The Decline Of Native Languages In The US

The Decline Of Native Languages In The US

There was a time when the US had an unbelievably large number of native languages spoken inside its borders. However, over time, and with the concept of globalization, things have changed, and a lot of languages that were previously spoken are now extinct, with many other dying a slow death. The reason for this is the colonization era, when white settlers from the European continent murdered a large number of natives in the US, sometimes wiping out even 90 percent of an entire native population, often through unfair means. All this lead to the large-scale death of the native population through disease, sicknesses such as smallpox (brought by the Europeans to kill the natives).

As of now, there are a minority of native languages still spoken by native communities in the US. Before the arrival of Columbus, there were about 300 native languages, but many are extinct now. Some of these native languages that continue to be spoken among Native Americans are Navajo, Yupik, Dakota, Apache, Keres, Cherokee, Ojibwa, Choctaw, Zuni, and Pima. Of these, Navajo is the highest spoken among native languages and Pima is the least spoken. English is the official language, most of these languages are spoken only by a minority.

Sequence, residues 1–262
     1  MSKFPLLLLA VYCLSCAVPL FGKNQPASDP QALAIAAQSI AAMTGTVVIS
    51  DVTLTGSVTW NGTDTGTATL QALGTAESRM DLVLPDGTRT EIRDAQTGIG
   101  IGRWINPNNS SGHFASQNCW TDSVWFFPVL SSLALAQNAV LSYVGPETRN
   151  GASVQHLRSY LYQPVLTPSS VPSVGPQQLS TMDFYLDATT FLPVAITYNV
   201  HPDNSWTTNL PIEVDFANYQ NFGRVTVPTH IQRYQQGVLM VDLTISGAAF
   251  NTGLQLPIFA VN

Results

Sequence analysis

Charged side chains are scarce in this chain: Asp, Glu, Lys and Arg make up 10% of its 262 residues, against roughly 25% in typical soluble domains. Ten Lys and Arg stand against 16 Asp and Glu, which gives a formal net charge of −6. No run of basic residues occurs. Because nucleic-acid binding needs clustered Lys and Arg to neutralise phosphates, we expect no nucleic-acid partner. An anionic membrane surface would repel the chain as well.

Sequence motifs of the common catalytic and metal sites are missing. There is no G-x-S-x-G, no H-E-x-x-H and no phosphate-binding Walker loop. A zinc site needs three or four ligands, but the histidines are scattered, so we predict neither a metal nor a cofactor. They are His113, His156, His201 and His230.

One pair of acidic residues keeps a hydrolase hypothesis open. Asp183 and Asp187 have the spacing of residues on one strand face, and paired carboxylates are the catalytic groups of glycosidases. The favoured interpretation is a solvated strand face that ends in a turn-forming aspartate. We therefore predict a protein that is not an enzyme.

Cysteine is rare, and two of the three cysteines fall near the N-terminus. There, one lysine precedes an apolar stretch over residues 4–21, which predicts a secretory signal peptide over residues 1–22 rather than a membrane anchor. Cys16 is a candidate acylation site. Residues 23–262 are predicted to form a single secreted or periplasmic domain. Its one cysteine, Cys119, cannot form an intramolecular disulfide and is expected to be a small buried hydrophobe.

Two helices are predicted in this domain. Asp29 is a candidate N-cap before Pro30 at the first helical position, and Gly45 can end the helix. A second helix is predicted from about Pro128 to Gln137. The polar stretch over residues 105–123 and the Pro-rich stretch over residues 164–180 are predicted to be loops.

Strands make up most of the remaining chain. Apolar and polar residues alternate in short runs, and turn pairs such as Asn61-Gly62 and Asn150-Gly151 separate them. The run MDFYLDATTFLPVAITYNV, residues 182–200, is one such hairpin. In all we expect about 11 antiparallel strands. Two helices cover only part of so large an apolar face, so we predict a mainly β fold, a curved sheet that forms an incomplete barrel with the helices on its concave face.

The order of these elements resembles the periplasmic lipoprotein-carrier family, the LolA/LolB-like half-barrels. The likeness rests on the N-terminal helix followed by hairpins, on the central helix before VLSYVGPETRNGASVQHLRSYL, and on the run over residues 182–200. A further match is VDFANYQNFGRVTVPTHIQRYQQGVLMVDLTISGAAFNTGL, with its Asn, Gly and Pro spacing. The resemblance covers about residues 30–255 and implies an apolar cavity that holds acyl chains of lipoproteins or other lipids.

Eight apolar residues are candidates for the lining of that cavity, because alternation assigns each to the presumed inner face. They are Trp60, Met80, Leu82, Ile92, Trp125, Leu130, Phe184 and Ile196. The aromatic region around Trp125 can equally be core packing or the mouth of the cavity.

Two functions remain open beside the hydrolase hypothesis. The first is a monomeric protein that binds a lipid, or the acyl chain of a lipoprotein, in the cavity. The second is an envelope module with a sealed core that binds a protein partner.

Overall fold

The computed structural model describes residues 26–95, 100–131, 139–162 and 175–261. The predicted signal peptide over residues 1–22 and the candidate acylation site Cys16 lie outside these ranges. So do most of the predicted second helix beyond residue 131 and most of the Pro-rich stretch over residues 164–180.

Marshallese Educational Initiative

More than 12,000 Marshallese live in northwest Arkansas and nearby cities in Oklahoma and Missouri. Approximately 7,000 Marshallese reside in Springdale, Arkansas, comprising roughly 10% of the city’s population. Many left their island homelands for a number of reasons: lack of employment and educational opportunities, lingering effects of radiation due to nuclear testing, the evident consequences of sea level rise, or simply to join their families in the United States. Given the extant pressures in the Marshall Islands, the population in the region and throughout the state of Arkansas is expected to increase steadily over the next decades.

The Marshallese community in the region is close-knit. Saturdays are often spent celebrating first birthdays and Sundays spent worshiping at church. Men and women actively participate in community sporting events. Softball, volleyball, and basketball tournaments are common, especially when held in conjunction with celebrations like Constitution Day (celebrated in the United States on Memorial Day weekend), Namdrik Day, Jaluit Day, and Bikini Day, among others. Like in the Islands, Marshallese families are large and often 3 generations share the same living space. The majority of the working population is employed in the poultry industry but is becoming increasingly diverse in employment. They pride themselves on helping others in need and are dedicated to retaining their unique culture and traditions.